"Brenda is one of the foremost interpreters of Norma, which is probably the most demanding role in the soprano repertoire," Protopapas said. "Her voice, with its amazing combination of beauty, power and agility, and her authoritative stage personality, make her an ideal interpreter of Bellini's mythical druid priestess.
"Frank Porretta, who has brought his thrilling top notes and high-voltage stage performances to the stages of the Metropolitan and Washington Operas, is the ideal match for Brenda Harris' Norma," Protopapas, who conducts the opera, said.
Norma plays the Tulsa Performing Arts Center's Chapman Music Hall, 112 E. Second St., Saturday, April 30 at 7:30pm; Friday, May 6 at 7:30pm; and Sunday, May 8 at 2:30pm. Tickets start at $10 and are available at tulsapac.com.
Boy Meets Shark
This weekend, Odeum Theater Company opens what The New York Times called "a screwy little jewel of a play," Swimming in the Shallows, by Adam Bock.
In it, Nick falls in love with a shark he meets at an aquarium, a lesbian couple contemplates marriage and an older couple goes their separate ways -- philosophically.
It's a dark comedy that explores love and happiness and the difference between the two.
Cassie Hollis directs David A. Lawrence, Will Carpenter, John Cruncleton III, Ione Michelle Blocker, Susan Dergoul and Brittainy Boyer. The play opens at 8pm April 28-30 and May 5-7 and 2pm May 1 in the Tulsa PAC's Charles E. Norman Theatre. Tickets are $20 and available at the PAC's website.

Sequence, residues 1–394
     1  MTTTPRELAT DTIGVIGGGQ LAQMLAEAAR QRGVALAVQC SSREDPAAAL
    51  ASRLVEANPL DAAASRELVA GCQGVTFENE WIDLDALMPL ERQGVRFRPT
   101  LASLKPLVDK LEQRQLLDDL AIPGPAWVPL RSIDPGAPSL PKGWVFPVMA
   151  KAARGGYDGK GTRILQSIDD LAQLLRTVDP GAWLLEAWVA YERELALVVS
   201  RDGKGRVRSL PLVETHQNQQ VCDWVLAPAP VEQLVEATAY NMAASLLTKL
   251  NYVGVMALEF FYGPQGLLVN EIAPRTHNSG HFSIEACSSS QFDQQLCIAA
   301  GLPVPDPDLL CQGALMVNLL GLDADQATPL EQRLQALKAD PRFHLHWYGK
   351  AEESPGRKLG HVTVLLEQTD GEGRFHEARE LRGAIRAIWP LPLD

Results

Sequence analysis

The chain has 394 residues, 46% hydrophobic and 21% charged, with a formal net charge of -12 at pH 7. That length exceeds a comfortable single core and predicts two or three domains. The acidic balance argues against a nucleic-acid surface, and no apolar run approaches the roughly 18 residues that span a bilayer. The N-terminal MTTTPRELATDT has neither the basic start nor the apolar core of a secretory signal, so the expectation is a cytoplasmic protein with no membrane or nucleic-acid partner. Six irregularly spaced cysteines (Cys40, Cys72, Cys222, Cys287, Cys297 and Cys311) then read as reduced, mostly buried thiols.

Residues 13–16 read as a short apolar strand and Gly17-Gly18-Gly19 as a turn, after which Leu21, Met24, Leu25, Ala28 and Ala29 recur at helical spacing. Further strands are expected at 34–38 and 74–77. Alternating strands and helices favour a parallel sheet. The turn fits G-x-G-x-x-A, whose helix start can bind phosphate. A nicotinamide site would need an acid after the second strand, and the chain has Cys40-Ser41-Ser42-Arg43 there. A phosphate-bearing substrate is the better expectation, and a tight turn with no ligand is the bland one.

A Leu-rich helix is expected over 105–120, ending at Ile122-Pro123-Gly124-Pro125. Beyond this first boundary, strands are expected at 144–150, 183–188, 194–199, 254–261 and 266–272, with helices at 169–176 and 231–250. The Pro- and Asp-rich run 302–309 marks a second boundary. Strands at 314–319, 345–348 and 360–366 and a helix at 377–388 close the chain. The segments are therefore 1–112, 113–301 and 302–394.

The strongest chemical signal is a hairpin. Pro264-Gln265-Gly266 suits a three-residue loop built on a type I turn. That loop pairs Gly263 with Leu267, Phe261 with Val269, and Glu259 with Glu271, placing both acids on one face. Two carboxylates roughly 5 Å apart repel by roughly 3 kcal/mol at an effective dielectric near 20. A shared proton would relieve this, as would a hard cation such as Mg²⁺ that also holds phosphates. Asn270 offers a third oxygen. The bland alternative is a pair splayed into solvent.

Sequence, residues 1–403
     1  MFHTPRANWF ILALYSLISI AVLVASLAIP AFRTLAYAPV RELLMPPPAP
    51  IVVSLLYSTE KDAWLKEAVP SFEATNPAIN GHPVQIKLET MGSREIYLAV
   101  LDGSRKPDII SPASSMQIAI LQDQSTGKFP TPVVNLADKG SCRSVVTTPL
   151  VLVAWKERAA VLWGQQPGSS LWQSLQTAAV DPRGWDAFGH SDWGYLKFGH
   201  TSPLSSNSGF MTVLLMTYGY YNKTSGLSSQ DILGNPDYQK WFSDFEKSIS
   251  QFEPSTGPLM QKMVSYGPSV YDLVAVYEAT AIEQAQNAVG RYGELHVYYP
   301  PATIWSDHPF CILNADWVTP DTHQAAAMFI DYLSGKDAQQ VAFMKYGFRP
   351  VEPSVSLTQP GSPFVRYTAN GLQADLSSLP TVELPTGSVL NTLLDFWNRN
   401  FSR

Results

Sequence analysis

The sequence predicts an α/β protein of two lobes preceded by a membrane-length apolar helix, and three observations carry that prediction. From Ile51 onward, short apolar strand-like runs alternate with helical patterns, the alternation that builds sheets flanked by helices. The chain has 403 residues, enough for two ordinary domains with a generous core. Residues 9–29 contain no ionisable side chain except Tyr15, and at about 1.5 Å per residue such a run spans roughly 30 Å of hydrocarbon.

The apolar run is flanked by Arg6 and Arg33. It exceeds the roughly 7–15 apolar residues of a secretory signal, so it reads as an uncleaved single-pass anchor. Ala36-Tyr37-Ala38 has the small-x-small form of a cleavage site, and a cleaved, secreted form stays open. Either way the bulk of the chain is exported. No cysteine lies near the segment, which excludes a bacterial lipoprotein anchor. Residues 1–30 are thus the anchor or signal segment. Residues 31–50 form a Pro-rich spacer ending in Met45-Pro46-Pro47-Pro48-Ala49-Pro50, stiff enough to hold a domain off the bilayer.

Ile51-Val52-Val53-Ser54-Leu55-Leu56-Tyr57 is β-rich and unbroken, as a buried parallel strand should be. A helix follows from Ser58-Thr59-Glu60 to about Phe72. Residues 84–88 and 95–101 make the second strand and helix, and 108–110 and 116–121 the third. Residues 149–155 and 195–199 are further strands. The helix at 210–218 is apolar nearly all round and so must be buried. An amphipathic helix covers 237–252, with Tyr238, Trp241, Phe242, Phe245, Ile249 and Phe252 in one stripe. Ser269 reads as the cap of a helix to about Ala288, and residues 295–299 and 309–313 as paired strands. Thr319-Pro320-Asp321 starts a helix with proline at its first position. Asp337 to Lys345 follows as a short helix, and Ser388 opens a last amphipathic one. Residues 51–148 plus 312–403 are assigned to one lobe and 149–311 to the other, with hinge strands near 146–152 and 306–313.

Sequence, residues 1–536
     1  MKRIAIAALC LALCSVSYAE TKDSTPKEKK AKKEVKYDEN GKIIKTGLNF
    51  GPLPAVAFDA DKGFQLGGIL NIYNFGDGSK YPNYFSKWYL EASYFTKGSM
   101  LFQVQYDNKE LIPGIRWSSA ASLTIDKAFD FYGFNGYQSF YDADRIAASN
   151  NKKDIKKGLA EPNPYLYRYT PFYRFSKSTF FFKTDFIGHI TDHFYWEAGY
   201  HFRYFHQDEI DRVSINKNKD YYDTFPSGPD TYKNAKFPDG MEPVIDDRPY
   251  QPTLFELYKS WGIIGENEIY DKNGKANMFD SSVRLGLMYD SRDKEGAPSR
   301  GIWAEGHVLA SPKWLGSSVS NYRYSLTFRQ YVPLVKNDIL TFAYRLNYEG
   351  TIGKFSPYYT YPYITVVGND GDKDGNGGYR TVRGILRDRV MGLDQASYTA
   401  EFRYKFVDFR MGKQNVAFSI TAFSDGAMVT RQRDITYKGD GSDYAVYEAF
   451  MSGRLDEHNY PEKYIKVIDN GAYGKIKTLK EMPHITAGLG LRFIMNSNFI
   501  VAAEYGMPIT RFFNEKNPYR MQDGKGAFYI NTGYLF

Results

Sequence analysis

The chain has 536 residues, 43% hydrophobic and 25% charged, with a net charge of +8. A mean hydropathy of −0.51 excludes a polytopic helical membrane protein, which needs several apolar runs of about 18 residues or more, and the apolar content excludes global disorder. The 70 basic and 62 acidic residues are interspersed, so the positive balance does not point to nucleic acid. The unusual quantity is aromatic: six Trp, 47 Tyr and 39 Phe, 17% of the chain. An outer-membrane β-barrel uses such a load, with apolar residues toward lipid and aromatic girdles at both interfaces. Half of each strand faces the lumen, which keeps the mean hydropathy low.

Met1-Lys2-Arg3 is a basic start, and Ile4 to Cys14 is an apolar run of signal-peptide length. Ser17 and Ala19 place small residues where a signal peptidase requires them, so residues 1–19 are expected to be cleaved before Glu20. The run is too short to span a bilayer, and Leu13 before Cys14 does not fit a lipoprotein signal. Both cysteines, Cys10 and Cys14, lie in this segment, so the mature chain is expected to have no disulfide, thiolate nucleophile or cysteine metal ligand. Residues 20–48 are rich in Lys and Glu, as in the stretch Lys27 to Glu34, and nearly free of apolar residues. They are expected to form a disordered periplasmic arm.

15 Minutes of...
Encore! Theatre Arts presents Fame April 28-May 1 at the Tulsa Little Theater, 1511 S. Delaware Ave. The musical tells the story of a group of students at the School of Performing Arts in New York City.
Doris, pushed and prodded by her stage mother, has to learn to be beautiful on her own. Montgomery has to come to terms with his loneliness, his considerable talent and his need for a friend. Ralph must deal with his intensity and anger that threaten to drive him to the same fate that claimed his idol, Freddie Prinze. Bruno frustrates his teacher, who hates his attitude but admires his talent. Leroy, an angry young man from the ghetto, is streetwise but a scholastic disaster.
Like the School of Performing Arts, Fame goes to the essence of young people and of theatre.
The curtain goes up at 7:30pm every day except Sunday, when the show starts at 2pm. Tickets are $16 at encoretulsa.com.
On April 30 at 7pm, in the Tulsa PAC's Liddy Doenges Theatre, Nubian Heritage Arts presents Songs of the Heart III: Sing, Dance & Rejoice, featuring vocalist Ernestine Dillard.
The performance celebrates the heritage of black people in America and features the Booker T. Washington Jazz Choir, The Friendly Oklahoma Jubilee Gospel Singers, Sharon Greene and Xylia Allen.
The event features songs from ancient Egypt and West Africa, Negro spirituals, gospel, blues, and jazz numbers.
"The conceptual framework of the event is to chronicle the historical journey of singing and praise dance from our ancestral homeland in Africa, through the saga of slavery, into freedom, and into the modern day," said director Shekhemt McKoy on the PAC's website.
Tickets are $10.